Good for Students - Good for the Economy
Last week, the American Association of Community Colleges (AACC) launched SEED at a Denver meeting of the Association for the Advancement of Sustainability in Higher Education. At the time of its public unveiling, over 300 community college presidents from across the U.S. had signed on to the SEED initiative.
The concept of SEED (Sustainability Education and Economy Development) is simple: Community colleges are the front line for job training in the U.S., and a large portion of new jobs are coming from the 'green' sector - think sustainability, green building and clean, efficient and renewable energy. Therefore, community colleges should be on the front line of training for green jobs.
So the AACC has partnered with ecoAmerica to offer the SEED center. The website positions itself as a leadership initiative, free resource center and online sharing community for 2-year institutions seeking to scale up their training programs in clean tech and other green economy industries. Resources range from curriculum ideas to employment statistics to support for program and faculty development.
John Sygielski, chair of the AACC Board of Directors, points out that community colleges are uniquely well-positioned to provide this kind of training. They have close ties to local economies and can partner with businesses and the government to provide much needed vocational training. In turn, their graduates will be qualified for much-needed jobs.
'Community colleges are the backbone of American workforce training,' said Mr. Sygielski, 'and now is the time for us to step up and help our students and communities restore American prosperity.'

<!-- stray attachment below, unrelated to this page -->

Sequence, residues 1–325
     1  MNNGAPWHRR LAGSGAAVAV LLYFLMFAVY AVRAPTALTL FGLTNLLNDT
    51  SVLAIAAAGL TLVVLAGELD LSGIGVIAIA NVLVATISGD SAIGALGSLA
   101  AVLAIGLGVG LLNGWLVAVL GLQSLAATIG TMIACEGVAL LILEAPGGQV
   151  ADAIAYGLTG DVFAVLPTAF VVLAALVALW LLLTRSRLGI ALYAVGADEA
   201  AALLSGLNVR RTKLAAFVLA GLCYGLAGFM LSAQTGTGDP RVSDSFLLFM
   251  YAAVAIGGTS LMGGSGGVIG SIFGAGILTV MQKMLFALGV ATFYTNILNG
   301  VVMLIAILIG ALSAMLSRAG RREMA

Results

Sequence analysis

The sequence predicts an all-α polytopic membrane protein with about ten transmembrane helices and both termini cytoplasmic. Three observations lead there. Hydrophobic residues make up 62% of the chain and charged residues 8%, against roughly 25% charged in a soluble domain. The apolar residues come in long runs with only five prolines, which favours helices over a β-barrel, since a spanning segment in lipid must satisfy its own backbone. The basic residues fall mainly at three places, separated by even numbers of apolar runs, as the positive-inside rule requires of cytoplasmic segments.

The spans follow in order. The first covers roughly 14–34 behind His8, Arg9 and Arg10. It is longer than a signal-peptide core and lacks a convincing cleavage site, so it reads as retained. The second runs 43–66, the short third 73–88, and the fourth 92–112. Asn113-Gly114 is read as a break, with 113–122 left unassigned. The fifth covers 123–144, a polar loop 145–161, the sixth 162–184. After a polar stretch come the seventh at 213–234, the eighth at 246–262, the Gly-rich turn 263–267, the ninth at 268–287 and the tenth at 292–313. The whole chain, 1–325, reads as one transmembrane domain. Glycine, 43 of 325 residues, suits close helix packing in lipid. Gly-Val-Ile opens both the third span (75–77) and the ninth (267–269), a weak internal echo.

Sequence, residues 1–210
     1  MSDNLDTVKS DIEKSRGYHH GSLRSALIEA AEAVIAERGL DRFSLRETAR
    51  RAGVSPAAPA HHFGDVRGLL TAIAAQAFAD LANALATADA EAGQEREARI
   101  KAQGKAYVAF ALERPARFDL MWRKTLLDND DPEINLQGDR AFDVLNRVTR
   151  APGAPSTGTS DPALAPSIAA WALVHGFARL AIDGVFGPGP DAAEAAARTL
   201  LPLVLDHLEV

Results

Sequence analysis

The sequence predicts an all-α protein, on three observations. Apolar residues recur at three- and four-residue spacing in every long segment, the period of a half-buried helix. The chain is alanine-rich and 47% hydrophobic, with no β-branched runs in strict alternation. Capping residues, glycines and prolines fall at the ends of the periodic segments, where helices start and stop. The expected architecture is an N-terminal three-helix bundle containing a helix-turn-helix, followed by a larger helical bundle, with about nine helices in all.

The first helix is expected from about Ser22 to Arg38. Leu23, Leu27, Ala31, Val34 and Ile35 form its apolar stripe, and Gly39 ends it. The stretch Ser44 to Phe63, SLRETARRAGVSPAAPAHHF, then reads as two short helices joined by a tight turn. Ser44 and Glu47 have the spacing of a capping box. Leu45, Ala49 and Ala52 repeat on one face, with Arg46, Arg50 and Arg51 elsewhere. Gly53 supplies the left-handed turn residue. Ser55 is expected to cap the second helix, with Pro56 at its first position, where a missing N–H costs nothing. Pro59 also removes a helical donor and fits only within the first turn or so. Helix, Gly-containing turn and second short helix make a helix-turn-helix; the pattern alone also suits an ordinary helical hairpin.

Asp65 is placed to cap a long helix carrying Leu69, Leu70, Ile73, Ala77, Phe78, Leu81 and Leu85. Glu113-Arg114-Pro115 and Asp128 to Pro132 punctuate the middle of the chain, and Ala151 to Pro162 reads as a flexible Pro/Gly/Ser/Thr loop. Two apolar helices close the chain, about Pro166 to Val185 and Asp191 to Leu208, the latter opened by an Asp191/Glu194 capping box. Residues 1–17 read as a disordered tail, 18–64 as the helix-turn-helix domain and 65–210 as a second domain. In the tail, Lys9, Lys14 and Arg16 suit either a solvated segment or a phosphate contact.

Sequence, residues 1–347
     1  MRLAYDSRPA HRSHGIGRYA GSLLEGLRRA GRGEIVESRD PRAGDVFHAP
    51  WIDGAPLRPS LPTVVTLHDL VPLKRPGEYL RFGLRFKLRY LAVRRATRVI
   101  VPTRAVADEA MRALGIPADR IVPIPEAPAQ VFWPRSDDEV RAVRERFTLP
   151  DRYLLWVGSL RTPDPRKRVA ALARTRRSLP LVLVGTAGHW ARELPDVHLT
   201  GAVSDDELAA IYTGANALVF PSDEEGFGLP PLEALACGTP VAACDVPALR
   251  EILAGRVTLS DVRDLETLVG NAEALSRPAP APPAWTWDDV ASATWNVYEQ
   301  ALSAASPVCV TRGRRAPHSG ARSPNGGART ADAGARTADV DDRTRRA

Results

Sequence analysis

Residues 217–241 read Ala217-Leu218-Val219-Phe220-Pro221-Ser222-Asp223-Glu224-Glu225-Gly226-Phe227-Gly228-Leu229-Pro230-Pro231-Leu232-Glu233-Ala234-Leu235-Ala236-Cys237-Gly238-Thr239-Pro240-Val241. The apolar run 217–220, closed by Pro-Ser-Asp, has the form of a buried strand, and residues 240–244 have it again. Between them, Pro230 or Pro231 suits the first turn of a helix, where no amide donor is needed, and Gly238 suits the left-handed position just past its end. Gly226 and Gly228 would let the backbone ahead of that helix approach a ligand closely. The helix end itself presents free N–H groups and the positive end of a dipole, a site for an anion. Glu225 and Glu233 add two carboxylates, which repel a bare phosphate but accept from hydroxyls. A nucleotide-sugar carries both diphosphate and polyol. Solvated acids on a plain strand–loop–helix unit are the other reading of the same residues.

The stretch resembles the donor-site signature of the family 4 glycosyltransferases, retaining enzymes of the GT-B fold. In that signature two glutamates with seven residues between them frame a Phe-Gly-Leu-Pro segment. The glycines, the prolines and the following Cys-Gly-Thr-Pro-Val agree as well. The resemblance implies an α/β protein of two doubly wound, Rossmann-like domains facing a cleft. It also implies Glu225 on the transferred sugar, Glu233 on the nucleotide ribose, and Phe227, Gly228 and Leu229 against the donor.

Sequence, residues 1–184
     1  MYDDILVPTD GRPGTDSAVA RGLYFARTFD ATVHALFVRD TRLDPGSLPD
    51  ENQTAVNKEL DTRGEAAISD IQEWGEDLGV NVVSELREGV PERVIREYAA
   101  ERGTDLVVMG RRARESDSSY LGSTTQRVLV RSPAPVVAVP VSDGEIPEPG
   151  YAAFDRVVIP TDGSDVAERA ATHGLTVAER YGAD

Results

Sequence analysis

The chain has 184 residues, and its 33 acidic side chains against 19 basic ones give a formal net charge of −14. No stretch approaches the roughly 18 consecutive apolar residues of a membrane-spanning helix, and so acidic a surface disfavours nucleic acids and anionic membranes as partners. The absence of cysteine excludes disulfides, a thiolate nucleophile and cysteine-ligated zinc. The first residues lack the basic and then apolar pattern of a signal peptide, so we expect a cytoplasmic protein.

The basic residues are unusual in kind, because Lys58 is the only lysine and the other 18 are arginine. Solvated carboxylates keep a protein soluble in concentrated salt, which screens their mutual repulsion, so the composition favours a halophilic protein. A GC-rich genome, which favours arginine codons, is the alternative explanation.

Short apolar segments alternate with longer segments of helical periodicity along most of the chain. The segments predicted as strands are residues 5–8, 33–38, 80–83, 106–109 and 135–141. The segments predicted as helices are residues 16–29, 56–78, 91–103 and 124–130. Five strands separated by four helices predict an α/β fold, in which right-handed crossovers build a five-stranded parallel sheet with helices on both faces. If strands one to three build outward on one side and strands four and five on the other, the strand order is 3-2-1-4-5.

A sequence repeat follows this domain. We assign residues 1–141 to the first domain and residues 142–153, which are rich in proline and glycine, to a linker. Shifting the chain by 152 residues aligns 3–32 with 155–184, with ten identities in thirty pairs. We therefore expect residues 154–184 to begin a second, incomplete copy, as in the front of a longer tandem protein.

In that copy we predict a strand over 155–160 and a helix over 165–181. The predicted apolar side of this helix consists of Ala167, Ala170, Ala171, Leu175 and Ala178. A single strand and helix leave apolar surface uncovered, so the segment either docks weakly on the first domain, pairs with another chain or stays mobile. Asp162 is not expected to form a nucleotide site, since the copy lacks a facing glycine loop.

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A History of Green Ed
In fact, green job training has already begun at community colleges throughout the U.S. Case studies by the SEED Center uncovered a number of successful programs, including wind power training in Oregon and Massachusetts and renewable energy studies in Michigan.
The Columbia Gorge Community College in Oregon started a short-term training project for wind power technicians in response to local industry demand. The project was so successful - graduates had a 92% placement rate and salaries averaged $20-$24 per hour - that they turned it into a regular program that allows students to work toward a 2-year degree. This program has become a national model for technical training in wind power.
Meanwhile, Cape Cod Community College in Massachusetts has been training technicians for area wind farms for 10 years. Many of the school's students have gone on to earn transfer degrees in solar technology, wastewater and coastal management.
In Michigan, Oakland Community College has more than 350 students in its Renewable Energies programs and related courses. The school offers students hands-on experience in the community, working with local governments and businesses to perform energy audits, refurbish buildings with renewable materials and reduce pollution and waste.
Sustainable by Degrees
Green studies aren't just for community colleges either - 4-year college and universities are also getting into eco-education. The Association for the Advancement of Sustainability in Higher Education (AASHE) found that over 100 majors, minors or certificates with an emphasis in sustainability were created at American colleges in 2009. By comparison, only four new programs in the field were created in 2005.
The AASHE also credits job growth in the green industry with the surge in interest at the college level. More and more students are turning to green subjects for an education that is both responsible and career-oriented.
Read more about green majors at U.S. colleges and universities.